27: I'm starting a project to read or re-read all of them. I read a fair few in the series in high school (I'm pretty sure I read every one that the library near my house, the one near my school and the main library had) but don't really remember a lot about them. My favourite is probably Let's Hear it for the Deaf Man, which is also one of my favourite book titles.
I am reading the Lt. Sigrid Harald, NYPD series that Margaret Maron wrote in the 1990's, before Judge Deborah Knott. She has made them available on Kindle and I think some are being reissued in paperback. Harald and Knott are almost polar opposites. The writing improves with each book. I recommend them.
I think I'm ready to take on The Teaberry Strangler after a long absence from Tea Shop Mysteries.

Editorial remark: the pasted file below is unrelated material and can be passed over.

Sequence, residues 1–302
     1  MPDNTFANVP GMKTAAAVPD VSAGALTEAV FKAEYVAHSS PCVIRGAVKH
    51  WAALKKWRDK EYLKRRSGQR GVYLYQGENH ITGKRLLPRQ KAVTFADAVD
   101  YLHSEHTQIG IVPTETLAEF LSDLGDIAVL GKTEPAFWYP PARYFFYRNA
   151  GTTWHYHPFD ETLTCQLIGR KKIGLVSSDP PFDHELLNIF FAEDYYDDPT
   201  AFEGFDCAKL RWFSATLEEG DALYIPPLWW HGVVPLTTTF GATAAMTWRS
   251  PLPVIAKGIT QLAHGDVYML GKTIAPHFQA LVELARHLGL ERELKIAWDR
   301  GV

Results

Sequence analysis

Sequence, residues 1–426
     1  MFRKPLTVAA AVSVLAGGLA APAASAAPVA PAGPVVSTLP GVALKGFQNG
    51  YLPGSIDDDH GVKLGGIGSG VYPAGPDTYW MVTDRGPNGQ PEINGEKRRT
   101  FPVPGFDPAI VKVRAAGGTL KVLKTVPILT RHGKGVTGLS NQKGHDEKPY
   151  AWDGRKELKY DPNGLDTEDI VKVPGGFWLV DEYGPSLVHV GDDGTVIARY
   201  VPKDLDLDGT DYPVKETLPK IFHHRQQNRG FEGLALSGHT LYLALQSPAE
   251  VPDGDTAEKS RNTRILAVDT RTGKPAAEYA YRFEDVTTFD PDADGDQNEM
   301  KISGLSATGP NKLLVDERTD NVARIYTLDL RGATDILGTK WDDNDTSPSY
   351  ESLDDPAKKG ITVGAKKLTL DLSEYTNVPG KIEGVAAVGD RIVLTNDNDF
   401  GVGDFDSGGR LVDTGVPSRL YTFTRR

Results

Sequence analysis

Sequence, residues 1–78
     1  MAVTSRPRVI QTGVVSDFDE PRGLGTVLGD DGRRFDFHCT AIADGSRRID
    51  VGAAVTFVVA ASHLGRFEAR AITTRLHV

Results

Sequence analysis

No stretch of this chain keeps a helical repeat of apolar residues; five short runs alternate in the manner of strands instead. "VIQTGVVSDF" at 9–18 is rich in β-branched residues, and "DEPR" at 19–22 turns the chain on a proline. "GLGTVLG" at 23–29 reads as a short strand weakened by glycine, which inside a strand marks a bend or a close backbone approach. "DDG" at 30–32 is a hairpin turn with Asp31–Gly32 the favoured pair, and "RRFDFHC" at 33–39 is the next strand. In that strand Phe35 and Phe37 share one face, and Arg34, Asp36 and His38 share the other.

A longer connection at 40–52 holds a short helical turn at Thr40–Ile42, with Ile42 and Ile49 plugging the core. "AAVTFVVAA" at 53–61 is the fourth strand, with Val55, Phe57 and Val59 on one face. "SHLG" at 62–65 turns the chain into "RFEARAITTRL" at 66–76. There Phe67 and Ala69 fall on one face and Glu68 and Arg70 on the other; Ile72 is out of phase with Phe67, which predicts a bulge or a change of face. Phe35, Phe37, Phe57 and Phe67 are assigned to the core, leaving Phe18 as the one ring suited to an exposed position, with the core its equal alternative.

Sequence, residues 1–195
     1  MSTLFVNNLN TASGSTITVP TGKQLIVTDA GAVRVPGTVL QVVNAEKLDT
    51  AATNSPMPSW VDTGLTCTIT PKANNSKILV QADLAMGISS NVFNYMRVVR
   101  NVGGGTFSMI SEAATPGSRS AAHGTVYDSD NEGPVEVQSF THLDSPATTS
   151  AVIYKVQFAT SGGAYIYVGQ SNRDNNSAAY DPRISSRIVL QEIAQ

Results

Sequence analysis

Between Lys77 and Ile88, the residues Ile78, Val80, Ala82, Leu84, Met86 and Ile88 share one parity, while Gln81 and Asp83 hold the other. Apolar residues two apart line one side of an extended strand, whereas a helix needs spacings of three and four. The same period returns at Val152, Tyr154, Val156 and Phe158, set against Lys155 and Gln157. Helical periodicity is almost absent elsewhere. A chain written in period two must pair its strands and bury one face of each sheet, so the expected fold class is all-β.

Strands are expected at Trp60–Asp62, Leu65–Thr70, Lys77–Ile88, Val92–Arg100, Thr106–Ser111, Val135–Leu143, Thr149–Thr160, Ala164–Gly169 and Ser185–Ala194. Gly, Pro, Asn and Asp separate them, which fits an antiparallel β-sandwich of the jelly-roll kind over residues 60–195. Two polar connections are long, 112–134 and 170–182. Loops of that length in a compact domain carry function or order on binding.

I'm now reading Worth Dying For by Lee Child, featuring the seemingly indestructible Jack Reacher, righting still more wrongs.
White Sky, Black Ice by Stan Jones; it's the first in the Nathan Active series, set in the state of Alaska.
Halfway through The Magdalen Martyrs by Ken Bruen. It's third in his Jack Taylor series, which I love.
I just finished Bleed For Me by Michael Robotham. It's a disturbing story that draws attention to the vulnerability of underage girls and the adult predators. The writing style is quite stunning. I recommend it.
I recently finished Falling Angel by William Hjortsberg. It's a classic hardboiled mystery/horror tale originally published in 1978 but now being re-released. You can check out my review of the novel here (it was quite good).